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MAD Help Wanted

Greater Golden Hill’s Maintenance Assessment District is looking for someone to fill the program-manager position. Yep, program manager Alia Kanani is moving on. The MAD committee isn’t seeing this as a bad thing because this time they will have more input in finding the right applicant than they did when Kanani was hired...which was, essentially, none.

At their September 15 meeting, the committee voted — 13 in favor, with 1 abstention — for a motion to post the available position on Craigslist, placing an emphasis on a more hands-on, maintenance management approach for their candidate.

For this go-around, each member of the committee will be allowed to send in questions to be asked of the applicant.

The motion, and the subsequent vote represents a change in business-as-usual for the committee, meaning residents of Greater Golden Hill will start seeing some productivity from their elected advisory committee — that is, if the members are able to quell the bickering and infighting amongst themselves.

Minutes before the motion to post the opening on Craigslist, a resident of Greater Golden Hill spoke to the committee during the public comment portion of the meeting.

“I want to know where the money is going and how is this helping me,” said the concerned resident in a quavering and angry voice. “I didn’t know about this thing until my taxes came around, and it was double than everyone else’s. And how do I find out why mine is so much higher?”

MAD chairman David Skillman began to answer the resident, but before he was able to put a few words together, fellow committee member Ben Nicholls reminded Skillman of the new rules adopted by the committee to ensure the meetings proceed with some level of productivity. “I don’t mean to be Parliamentarian here, but we need to operate in an orderly fashion and having this free-roaming dialogue doesn’t accomplish that.”

After the two exchanged some bitter words, the resident was asked to stay after the meeting for some answers.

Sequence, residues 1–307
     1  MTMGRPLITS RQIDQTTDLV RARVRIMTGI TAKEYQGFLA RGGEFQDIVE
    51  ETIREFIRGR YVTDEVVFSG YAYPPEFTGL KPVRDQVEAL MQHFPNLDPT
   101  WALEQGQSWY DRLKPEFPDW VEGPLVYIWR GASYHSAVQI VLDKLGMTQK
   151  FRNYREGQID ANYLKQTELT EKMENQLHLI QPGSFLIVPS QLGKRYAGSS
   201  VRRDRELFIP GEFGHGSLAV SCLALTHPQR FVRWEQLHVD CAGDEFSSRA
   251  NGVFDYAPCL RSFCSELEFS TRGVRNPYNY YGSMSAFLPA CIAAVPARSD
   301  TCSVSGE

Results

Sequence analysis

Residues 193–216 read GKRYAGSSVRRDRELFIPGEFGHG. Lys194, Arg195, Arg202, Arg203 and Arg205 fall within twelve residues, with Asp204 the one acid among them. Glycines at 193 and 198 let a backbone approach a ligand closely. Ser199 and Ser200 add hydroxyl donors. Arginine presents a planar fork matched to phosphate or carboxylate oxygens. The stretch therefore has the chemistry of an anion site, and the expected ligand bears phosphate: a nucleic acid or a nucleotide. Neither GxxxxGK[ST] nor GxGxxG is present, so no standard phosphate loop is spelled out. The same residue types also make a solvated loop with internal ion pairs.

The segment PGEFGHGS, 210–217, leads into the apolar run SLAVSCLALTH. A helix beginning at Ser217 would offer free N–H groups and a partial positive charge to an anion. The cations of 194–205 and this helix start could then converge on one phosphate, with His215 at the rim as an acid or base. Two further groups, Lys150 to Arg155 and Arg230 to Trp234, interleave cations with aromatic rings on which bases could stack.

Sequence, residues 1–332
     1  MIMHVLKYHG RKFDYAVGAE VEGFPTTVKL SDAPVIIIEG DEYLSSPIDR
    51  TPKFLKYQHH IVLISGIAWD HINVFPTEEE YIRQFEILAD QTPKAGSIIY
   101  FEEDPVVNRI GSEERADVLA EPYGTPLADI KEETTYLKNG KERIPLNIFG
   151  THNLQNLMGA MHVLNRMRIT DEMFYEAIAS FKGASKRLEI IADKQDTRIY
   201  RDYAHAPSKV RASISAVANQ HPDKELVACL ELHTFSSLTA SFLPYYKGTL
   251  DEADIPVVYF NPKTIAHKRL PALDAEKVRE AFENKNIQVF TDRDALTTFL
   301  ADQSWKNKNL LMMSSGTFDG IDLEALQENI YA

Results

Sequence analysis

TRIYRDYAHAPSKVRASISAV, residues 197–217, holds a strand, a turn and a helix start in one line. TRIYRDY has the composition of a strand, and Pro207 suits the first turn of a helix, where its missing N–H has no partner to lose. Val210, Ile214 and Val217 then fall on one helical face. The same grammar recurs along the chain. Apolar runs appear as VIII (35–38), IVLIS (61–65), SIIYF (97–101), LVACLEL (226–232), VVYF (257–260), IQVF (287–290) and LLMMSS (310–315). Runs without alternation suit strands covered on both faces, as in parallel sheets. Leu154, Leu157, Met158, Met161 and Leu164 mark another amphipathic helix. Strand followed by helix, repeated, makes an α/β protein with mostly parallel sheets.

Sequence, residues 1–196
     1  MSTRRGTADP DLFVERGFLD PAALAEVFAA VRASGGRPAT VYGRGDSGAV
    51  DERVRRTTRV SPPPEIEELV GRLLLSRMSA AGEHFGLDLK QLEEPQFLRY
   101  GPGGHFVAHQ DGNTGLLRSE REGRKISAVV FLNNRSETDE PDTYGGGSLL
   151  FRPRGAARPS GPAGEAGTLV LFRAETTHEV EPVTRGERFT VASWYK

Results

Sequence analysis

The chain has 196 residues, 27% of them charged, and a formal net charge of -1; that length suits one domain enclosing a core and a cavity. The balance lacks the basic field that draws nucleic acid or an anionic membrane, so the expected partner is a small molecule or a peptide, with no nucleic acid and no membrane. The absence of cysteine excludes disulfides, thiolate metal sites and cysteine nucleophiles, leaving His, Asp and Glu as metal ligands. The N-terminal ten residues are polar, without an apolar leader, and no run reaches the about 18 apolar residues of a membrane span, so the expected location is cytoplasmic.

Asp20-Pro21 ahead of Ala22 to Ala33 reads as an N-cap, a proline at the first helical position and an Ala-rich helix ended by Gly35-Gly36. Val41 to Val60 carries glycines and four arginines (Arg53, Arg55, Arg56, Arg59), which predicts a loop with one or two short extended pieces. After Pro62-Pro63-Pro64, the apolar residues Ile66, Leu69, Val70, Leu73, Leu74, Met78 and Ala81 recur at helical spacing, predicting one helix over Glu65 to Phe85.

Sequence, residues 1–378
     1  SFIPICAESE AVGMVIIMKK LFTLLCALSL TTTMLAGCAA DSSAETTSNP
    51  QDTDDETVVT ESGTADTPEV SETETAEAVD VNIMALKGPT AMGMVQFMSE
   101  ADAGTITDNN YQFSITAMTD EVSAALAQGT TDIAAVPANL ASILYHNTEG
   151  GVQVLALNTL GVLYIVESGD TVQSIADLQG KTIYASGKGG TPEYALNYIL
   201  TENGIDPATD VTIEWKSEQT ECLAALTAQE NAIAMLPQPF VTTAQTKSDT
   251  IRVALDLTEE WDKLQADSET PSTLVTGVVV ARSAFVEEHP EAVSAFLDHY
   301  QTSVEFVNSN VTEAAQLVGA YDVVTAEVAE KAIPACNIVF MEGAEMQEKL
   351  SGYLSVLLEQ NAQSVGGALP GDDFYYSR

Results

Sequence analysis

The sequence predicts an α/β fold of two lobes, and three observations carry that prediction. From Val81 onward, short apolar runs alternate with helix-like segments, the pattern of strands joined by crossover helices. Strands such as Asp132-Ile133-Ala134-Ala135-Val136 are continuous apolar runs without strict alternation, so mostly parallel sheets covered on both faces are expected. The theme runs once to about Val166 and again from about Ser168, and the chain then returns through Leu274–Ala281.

The rest of the meeting wasn’t without sarcastic comments about adhering to the new, more rigid, set of procedures. Though, the committee did approve the motion to post the program-manager position on Craigslist and passed a proposal from committee member Barbara Houlton to accept a tentative plan for distributing MAD’s monies.

The meeting marked one of the few times the Greater Golden Hill MAD resolved more than one agenda item in a meeting’s time. Attend their meeting on October 20th to see if they can keep the madly productive streak alive!

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Greater Golden Hill’s Maintenance Assessment District is looking for someone to fill the program-manager position. Yep, program manager Alia Kanani is moving on. The MAD committee isn’t seeing this as a bad thing because this time they will have more input in finding the right applicant than they did when Kanani was hired...which was, essentially, none.

At their September 15 meeting, the committee voted — 13 in favor, with 1 abstention — for a motion to post the available position on Craigslist, placing an emphasis on a more hands-on, maintenance management approach for their candidate.

For this go-around, each member of the committee will be allowed to send in questions to be asked of the applicant.

The motion, and the subsequent vote represents a change in business-as-usual for the committee, meaning residents of Greater Golden Hill will start seeing some productivity from their elected advisory committee — that is, if the members are able to quell the bickering and infighting amongst themselves.

Minutes before the motion to post the opening on Craigslist, a resident of Greater Golden Hill spoke to the committee during the public comment portion of the meeting.

“I want to know where the money is going and how is this helping me,” said the concerned resident in a quavering and angry voice. “I didn’t know about this thing until my taxes came around, and it was double than everyone else’s. And how do I find out why mine is so much higher?”

MAD chairman David Skillman began to answer the resident, but before he was able to put a few words together, fellow committee member Ben Nicholls reminded Skillman of the new rules adopted by the committee to ensure the meetings proceed with some level of productivity. “I don’t mean to be Parliamentarian here, but we need to operate in an orderly fashion and having this free-roaming dialogue doesn’t accomplish that.”